I'm approaching one of the most bittersweet moments for a writer.
It's the end of a long and passionate affair. We've been together for what feels like years. The relationship has grown and grown, we've dominated each other's lives...
And now it's all coming to an end.
Yes, I've got just two chapters left to write of the new book (the second in my young adults series), and it's a very strange feeling.
On the one hand, I shall miss it dreadfully. It's been a mainstay of my life for so long and I've loved the story greatly.
On the other... I feel the need to try something new. I'm tired, could do with a rest from the daily writing it, planning it, writing it routine.
But there's one important lesson which is making me play out these final days slowly.
Perhaps you've had the same experience as me? You get into a book, you really enjoy it, you look forward to finding out how it ends, then you get to the conclusion...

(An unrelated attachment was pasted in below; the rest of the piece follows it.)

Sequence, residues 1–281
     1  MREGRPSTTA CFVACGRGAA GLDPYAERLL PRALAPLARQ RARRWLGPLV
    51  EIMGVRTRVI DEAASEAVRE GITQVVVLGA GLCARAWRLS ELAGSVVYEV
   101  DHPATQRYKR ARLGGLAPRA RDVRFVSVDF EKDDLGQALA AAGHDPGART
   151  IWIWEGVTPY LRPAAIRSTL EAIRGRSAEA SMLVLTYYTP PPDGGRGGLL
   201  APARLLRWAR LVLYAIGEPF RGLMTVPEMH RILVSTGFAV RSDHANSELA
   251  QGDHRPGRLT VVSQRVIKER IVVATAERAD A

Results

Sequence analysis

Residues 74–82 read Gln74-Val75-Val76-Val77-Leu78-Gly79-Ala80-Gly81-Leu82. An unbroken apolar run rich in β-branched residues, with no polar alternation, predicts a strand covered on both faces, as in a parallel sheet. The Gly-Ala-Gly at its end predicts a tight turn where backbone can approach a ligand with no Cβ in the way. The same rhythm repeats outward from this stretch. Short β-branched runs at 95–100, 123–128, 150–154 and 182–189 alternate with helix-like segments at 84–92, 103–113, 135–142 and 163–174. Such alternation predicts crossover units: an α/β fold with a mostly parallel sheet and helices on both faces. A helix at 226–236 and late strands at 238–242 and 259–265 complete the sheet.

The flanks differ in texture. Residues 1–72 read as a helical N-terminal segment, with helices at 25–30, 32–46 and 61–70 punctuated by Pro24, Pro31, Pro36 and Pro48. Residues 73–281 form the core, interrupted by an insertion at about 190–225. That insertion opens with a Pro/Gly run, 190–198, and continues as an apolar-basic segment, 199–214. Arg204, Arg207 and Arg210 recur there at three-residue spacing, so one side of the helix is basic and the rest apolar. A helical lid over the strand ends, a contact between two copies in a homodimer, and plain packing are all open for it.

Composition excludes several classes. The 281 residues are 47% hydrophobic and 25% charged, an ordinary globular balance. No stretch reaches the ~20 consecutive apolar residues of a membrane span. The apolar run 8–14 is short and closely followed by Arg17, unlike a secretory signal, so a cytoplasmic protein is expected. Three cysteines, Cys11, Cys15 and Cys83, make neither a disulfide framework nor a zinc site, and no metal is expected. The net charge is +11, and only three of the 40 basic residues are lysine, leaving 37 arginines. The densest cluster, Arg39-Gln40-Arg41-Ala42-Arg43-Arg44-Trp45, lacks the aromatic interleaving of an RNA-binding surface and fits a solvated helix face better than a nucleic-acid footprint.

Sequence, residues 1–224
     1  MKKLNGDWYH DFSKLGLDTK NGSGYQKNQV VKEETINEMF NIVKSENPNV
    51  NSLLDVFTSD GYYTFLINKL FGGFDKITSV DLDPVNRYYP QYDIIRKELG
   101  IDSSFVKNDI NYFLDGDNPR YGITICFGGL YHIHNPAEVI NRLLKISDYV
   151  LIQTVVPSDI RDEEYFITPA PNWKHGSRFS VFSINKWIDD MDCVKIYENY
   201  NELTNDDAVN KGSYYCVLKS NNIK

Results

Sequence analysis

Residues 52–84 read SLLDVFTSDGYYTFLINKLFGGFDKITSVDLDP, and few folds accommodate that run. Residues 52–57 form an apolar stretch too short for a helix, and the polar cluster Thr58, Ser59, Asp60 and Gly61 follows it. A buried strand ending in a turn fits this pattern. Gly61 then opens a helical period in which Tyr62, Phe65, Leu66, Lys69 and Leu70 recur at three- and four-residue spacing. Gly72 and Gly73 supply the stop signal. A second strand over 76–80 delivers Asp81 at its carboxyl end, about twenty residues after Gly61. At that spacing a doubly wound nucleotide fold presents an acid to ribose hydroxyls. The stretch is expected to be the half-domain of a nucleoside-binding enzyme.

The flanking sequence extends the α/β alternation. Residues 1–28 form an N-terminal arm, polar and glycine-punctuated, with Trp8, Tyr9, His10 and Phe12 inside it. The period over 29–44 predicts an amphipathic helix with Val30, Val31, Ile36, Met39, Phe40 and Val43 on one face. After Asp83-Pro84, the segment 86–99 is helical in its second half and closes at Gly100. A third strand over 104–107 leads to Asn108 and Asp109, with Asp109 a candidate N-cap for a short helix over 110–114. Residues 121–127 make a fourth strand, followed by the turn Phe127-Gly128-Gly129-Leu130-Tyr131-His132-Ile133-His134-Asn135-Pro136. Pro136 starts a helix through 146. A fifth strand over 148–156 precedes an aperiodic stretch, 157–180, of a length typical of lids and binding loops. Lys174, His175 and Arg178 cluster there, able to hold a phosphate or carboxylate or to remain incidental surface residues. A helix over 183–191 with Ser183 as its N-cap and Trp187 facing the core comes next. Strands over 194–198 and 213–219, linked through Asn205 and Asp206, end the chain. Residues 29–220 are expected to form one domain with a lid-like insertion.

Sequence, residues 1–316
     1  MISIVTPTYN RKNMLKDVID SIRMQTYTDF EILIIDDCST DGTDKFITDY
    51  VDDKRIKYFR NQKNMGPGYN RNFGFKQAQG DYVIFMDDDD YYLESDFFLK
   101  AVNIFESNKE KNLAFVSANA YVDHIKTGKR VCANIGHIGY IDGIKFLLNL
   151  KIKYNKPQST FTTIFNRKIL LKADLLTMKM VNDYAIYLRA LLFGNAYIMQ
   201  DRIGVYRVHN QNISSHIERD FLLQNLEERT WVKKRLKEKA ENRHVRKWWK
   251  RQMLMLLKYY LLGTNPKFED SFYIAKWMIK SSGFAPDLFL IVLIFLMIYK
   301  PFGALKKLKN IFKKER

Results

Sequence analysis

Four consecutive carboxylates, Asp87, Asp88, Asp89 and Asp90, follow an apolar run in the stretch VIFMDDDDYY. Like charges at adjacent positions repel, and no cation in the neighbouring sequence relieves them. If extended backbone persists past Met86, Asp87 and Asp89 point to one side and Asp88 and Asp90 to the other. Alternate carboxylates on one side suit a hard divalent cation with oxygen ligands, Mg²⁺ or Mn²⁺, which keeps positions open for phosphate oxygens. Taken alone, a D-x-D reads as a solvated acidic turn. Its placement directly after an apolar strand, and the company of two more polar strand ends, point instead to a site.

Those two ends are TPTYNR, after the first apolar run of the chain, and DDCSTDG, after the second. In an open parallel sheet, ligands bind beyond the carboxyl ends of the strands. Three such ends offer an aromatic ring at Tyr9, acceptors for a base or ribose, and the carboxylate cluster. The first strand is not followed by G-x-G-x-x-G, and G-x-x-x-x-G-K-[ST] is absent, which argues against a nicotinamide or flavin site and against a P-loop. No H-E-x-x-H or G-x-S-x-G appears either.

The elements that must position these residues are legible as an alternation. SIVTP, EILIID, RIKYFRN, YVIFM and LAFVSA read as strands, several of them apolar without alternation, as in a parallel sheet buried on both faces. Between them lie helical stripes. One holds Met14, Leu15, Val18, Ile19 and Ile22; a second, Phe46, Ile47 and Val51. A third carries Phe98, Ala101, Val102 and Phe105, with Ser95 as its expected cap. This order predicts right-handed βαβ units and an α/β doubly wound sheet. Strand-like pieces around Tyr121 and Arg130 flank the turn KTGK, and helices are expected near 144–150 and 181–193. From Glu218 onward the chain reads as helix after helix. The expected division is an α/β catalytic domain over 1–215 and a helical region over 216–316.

And it feels rushed, over too soon, not quite true and right.
I often get the impression that a fellow author has been in the same position as me and just wanted to get the book done.
The result is an anticlimax, which feels like it betrays all the work that's gone into the novel.
So I'm being careful to take it gently, play out the drama, and make the ending of our time together satisfying.
And all that in the comforting knowledge it won't actually be so very long before we get back together again.
For the re-write, and the re-re-write, and then the re-re-re write... but that, as the saying goes, is another story.